In early 1862, the Union advances achieved by Maj. Gen. Grant and Adm. Foote at Forts Henry and Donelson caused significant concern in the Confederate government. The Union army, known as the Army of the Tennessee, under Grant had increased to 48,894 men and were encamped on the western side of the Tennessee River. On April 6, 1862 a determined full-force attack from the Confederate Army took place at the Battle of Shiloh; the objective was to destroy the entire Western Union offensive once for all. Over 44,699 Confederate troops led by Albert Sidney Johnston and P.G.T. Beauregard, vigorously attacked five divisions of Grant’s army bivouacked nine miles south at Pittsburgh Landing. Aware of the impending Confederate attack, Union troops sounded the alarm and readied for battle, however, no defensive entrenchment works had been made. The Confederates struck hard and repulsed the Union Army towards the Tennessee River. Grant and Maj. General William T. Sherman were able to rally the troops and make a stand. After receiving reinforcement troops from Maj. Gen. Don Carlos Buell and Maj. Gen. Lew Wallace's missing division, Grant succeeded in stabilizing the Army of the Tennessee. Confederate General Johnson was killed in the battle on the first day of fighting, and on the second day, Grant launched a costly counter-offensive and pursuit that forced the Confederate Army, now under P.G.T. Beauregard, to retreat to Corinth.
The battle was the costliest in the Civil War up until this time, having 23,746 combined Union and Confederate casualties. The carnage at Shiloh demonstrated to both Confederates and Unionists that the Civil War was both very serious and extremely costly. Shiloh was the first battle in the American Civil War with tremendous casualties and Grant received much criticism for keeping the Union Army bivouacked rather than entrenched. As a result, Grant's superior Maj. Gen Henry Halleck demoted him to second-in-command of a newly formed 120,000-strong Union Army. Grant was ready to resign from command when Maj. Gen. Sherman talked him into remaining in Halleck's army. After Halleck slowly moved on Corinth unopposed, the 120,000-man army was broken up and Grant returned to his previous command over the Army of the Tennessee.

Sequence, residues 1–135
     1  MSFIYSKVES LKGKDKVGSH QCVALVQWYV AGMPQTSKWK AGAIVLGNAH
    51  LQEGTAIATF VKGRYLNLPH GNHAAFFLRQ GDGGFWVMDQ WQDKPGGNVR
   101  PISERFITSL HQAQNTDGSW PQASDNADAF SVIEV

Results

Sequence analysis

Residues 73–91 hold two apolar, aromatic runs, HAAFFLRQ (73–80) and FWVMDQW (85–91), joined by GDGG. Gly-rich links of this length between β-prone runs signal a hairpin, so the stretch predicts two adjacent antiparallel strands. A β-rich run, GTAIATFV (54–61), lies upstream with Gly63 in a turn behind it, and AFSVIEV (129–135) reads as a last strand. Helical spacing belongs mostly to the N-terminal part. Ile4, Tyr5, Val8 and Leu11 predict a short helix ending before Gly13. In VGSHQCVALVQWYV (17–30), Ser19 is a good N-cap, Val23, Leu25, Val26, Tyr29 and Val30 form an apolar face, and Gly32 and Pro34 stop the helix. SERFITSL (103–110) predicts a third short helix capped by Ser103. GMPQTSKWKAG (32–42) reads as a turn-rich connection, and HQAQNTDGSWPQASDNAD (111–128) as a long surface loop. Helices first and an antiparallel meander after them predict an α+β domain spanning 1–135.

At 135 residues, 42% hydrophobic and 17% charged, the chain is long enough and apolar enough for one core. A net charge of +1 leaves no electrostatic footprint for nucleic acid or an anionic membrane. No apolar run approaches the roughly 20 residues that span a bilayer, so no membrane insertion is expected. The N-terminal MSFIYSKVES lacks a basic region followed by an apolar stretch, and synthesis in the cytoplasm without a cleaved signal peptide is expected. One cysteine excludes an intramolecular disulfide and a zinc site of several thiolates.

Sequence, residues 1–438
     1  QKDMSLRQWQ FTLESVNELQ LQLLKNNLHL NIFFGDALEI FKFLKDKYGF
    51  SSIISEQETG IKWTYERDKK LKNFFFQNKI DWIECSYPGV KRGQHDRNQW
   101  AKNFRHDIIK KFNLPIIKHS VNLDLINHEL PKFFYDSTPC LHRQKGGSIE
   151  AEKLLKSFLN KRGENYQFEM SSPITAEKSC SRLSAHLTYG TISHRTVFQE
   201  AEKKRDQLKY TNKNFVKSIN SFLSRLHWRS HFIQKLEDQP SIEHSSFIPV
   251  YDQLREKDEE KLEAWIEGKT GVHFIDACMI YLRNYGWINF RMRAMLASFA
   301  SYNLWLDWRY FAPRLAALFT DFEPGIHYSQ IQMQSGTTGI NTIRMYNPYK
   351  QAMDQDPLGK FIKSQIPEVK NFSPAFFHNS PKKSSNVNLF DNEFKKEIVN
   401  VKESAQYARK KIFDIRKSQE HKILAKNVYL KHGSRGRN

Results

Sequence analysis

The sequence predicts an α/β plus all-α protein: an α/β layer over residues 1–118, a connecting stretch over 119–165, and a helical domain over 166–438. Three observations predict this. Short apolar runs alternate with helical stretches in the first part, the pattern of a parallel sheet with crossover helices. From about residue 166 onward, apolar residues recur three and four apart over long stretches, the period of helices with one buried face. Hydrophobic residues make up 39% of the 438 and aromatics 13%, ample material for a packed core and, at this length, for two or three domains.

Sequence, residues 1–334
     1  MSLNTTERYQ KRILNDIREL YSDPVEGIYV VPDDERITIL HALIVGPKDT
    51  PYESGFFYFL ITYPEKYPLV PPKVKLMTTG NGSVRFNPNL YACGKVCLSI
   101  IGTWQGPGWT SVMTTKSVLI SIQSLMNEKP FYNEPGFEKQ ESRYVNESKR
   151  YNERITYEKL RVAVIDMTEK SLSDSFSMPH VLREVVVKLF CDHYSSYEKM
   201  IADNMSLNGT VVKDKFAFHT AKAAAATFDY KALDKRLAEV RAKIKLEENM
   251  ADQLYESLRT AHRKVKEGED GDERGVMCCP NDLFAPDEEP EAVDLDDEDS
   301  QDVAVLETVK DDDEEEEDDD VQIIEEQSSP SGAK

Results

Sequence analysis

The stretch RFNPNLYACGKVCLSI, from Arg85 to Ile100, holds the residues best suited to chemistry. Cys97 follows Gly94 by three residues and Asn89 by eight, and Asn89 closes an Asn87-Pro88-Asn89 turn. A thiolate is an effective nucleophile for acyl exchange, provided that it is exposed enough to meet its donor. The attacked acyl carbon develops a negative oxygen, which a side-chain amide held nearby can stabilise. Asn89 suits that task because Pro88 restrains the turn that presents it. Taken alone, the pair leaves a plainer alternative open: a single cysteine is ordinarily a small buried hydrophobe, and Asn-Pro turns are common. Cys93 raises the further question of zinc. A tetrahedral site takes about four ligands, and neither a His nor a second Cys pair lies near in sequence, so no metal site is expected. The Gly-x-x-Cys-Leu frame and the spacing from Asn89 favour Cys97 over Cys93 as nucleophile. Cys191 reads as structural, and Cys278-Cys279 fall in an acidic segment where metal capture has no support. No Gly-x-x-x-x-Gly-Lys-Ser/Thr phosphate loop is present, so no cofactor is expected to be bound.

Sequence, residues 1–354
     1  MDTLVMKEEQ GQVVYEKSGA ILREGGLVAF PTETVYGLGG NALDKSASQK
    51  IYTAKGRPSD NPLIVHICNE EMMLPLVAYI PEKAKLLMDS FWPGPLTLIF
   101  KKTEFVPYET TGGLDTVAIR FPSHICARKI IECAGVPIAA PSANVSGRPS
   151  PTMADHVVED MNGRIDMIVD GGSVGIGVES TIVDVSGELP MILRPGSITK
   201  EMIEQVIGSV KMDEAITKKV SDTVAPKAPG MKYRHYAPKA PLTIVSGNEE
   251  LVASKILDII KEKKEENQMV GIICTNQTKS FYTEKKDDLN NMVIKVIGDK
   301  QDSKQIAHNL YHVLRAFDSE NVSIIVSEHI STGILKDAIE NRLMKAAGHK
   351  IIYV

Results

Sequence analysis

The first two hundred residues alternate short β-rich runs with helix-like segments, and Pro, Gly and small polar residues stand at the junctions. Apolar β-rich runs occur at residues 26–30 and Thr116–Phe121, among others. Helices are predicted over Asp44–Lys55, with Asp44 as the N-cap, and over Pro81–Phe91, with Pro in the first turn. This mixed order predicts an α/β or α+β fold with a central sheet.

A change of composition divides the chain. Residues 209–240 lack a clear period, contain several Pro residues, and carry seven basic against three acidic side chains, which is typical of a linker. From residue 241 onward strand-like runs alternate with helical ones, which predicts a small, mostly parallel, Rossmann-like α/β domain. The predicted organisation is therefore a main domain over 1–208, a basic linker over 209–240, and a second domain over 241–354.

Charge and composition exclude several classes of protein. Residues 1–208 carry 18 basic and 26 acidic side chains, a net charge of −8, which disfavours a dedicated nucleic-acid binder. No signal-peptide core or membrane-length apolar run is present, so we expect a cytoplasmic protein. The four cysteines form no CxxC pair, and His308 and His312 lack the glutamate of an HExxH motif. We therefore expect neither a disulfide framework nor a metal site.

Before all of the generals relived the Battle of Shiloh in their memoirs, they wrote official accounts of the campaign to their superiors, and those accounts were preserved in the Official Records. This collection of Confederate generals’ accounts of the battle includes the accounts of Commanding General P.G.T. Beauregard, Corps Commanders Braxton Bragg and Leonidas Polk, and Generals Patrick Cleburne and William Hardee. It is specially formatted with a Table of Contents for each general’s account, and pictures of the generals who fought in it.